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Last Updated: Monday, 18 April, 2005, 11:43 GMT 12:43 UK
Plaid pledges a 'fairer society'
Plaid Cymru's Adam Price, Simon Thomas and Elfyn Llwyd
Plaid Cymru's Adam Price, Simon Thomas and Elfyn Llwyd
Plaid Cymru has promised to campaign for shorter NHS waiting lists and improved pensions.

Launching its manifesto, the party also said turning the Welsh assembly into a "real" parliament would "mean a better Wales for everybody".

Plaid, which won four of 40 Welsh seats at the 2001 general election, unveiled its policies at the National Botanic Garden of Wales in Carmarthenshire.

It wants NHS walk-in centres to ease pressure on accident and emergency.

The assembly is not working. It cannot deliver for the people of Wales
Elfyn Llwyd, Plaid Cymru parliamentary leader
Plaid became the last of the four main parties in Wales to publish its manifesto with policies it said would lead to "a stronger economy and a fairer society".

The party came third in terms of the total vote in 2001, with 14.3%, although it won the second highest number of MPs.

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In both cases, Plaid was well behind Labour, and it is presenting itself as the genuine socialist party in Wales.

At recent elections, Plaid has been accused of hiding its true aims. But this manifesto states unequivocally that its ambition is "independence in Europe," and "a Wales which governs itself."

'Long journey'

Plaid was asked about the fact that, although it could never form the UK Government, its manifesto set out a range of policies on issues such as tax and foreign affairs.

Party policy director Simon Thomas said elections and manifestos were "just part of a long journey," culminating in independence.

Plaid Cymru leaders in the National Botanic Garden
Plaid leaders go walkabout in the National Botanic Garden
In the short term Plaid wants the assembly to gain law-making powers, as suggested in the Richard Commission report. It wants independence to follow, although the manifesto specifies: "Such a move could only be taken with the support of the people of Wales expressed through a referendum."

"The assembly is not working," said Elfyn Llwyd, the parliamentary leader. "It cannot deliver for the people of Wales. Our immediate aim is parity with Scotland, and later we will be looking to go further."

Mr Thomas denied suggestions that this was an argument against devolution. He said it was the assembly government that was failing, as well as the structures of the assembly.

On health, Plaid put forward a 12-point plan, including more use of GP surgeries for treatment, making it easier for people to move out of hospital, and extra support for carers.

Plaid also wants more use of the skills of nurses, physiotherapists, and social workers, a campaign to combat the hospital infection MRSA, and an extra 50 intensive care beds.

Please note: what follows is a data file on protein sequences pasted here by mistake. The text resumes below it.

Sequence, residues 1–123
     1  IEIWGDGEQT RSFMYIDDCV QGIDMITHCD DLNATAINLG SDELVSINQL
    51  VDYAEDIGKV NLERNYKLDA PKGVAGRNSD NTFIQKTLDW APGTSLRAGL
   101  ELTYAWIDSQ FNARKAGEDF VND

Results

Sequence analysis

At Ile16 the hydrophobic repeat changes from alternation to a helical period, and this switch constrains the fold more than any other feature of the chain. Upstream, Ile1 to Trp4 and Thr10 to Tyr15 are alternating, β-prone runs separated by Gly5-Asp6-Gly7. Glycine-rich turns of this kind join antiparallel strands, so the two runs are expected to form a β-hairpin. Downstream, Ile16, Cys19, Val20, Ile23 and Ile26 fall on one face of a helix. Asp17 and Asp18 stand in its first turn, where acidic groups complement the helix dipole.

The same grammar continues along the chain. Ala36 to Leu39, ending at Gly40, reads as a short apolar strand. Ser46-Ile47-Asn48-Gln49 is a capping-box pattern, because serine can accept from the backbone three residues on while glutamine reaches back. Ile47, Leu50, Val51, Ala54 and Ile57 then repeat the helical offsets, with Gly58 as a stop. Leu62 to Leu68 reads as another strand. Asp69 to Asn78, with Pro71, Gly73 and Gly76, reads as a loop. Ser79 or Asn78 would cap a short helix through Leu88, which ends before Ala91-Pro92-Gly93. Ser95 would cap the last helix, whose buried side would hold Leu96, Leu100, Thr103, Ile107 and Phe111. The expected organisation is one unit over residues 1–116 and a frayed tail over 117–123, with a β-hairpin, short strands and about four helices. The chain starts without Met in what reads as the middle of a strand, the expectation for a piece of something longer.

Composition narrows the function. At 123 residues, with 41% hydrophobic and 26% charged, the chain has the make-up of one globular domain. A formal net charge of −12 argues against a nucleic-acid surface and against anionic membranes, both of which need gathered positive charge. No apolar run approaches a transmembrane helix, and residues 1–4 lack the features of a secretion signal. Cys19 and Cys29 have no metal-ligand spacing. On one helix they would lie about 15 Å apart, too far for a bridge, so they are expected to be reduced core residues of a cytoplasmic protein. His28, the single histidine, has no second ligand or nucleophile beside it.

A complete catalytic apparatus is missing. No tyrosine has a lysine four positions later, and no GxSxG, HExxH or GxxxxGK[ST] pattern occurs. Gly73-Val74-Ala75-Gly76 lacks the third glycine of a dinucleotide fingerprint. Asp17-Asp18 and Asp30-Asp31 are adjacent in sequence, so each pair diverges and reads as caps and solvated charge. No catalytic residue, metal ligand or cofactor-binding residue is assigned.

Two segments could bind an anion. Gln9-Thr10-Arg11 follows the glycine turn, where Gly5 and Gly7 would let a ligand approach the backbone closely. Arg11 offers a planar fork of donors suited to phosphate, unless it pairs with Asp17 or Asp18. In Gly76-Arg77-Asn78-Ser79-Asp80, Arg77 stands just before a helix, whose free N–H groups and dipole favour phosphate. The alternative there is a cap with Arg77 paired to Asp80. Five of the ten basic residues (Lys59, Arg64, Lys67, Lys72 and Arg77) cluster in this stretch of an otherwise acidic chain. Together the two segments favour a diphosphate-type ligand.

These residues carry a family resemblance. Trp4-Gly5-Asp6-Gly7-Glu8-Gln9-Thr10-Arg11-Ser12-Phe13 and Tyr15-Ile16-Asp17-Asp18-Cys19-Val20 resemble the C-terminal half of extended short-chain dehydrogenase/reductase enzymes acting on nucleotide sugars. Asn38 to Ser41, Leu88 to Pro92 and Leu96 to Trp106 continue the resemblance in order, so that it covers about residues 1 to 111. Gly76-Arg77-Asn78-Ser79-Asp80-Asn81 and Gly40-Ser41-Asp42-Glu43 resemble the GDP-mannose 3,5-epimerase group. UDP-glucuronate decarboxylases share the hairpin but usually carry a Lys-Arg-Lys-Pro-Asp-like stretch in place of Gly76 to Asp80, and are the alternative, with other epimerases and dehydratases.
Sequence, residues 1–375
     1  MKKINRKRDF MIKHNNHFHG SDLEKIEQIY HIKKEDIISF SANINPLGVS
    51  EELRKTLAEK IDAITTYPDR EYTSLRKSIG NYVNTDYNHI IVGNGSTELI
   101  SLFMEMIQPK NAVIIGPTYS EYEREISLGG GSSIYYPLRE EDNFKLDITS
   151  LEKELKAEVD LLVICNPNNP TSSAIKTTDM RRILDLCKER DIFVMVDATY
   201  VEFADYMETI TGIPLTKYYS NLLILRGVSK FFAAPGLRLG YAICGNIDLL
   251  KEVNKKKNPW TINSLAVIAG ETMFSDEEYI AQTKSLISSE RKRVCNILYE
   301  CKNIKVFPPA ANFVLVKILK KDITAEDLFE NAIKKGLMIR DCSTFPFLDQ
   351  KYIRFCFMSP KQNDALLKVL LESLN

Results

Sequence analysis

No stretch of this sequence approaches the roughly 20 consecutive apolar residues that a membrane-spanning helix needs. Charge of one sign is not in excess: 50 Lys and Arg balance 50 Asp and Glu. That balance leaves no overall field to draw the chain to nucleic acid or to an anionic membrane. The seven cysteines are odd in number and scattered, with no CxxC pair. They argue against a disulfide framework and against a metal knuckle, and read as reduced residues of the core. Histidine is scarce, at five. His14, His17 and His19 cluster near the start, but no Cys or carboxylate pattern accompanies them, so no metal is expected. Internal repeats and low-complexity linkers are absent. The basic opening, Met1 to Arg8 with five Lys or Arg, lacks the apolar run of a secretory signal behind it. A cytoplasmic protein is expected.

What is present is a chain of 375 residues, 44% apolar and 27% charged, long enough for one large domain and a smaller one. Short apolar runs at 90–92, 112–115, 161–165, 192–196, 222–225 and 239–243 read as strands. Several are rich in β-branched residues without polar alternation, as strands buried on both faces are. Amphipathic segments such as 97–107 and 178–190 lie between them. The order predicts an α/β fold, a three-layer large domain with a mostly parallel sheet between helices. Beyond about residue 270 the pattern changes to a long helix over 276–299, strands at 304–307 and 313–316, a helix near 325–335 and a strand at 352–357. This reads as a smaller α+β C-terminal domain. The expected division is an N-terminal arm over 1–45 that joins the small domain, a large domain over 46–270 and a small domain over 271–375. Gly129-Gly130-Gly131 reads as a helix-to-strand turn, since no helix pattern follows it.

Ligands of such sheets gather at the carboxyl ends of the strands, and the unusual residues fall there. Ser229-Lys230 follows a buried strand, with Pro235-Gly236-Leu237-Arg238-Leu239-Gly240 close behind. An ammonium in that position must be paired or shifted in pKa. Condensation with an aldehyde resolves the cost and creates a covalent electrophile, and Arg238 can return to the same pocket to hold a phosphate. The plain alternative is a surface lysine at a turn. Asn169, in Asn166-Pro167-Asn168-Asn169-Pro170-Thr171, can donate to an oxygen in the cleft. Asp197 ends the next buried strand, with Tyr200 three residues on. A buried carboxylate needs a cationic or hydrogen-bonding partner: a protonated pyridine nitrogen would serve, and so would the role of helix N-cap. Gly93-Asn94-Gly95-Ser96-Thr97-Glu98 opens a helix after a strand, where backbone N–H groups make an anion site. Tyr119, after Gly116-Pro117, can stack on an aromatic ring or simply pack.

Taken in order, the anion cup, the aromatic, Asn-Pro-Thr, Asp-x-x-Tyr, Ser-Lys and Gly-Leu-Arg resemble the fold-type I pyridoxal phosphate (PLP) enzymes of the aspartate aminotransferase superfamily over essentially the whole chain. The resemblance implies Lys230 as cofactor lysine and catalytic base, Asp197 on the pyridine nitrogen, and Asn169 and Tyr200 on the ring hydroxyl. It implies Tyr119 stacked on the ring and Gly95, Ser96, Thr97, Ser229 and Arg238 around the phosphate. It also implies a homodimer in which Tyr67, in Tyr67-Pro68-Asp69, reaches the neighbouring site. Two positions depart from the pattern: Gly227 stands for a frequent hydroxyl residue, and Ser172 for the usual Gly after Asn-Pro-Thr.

The party conceded, however, that it could not actually implement one of its proposals - that no more operations should be cancelled on the day surgery was planned. Mr Thomas, under questioning, acknowledged that that was aimed at institutional delays, rather than where medical decisions had to be taken.

'Junk food'

Plaid calls for a 50% tax rate on incomes above 50,000 a year, and the scrapping of council tax, to be replaced with a local income tax, and it wants a "citizens' pension" of 106 a week for a single person and 161 for a couple.

The party would ban unhealthy food and drink being advertised on children's TV, and urge schools to get rid of "junk food vending machines".

It also calls for drug and alcohol education in every school in Wales, and for pub and club owners to pay policing and health costs resulting from their customers' behaviour.

It would scrap what it described as the "expensive toys for the boys" ID cards proposed by the Labour UK Government.

Plaid backs renewable energy sources, such as solar and wind power. It backs giving extra support to allow people to use environmentally-friendly energy in their homes, such as mini roof wind turbines or solar panels.

The party also has, in its manifesto, a "people's contract" which all its candidates would follow. This includes continuing to call for the impeachment of Tony Blair over Iraq, a ban on smoking in public places, and opposition to university top-up tuition fees.

Plaid candidate Adam Price claimed strong evidence that Labour supporters were switching to his party because of the war. He said Plaid had even produced special posters for Labour voters to declare that, at this election, they were lending their vote to Plaid.



Analysis of Plaid Cymru's election manifesto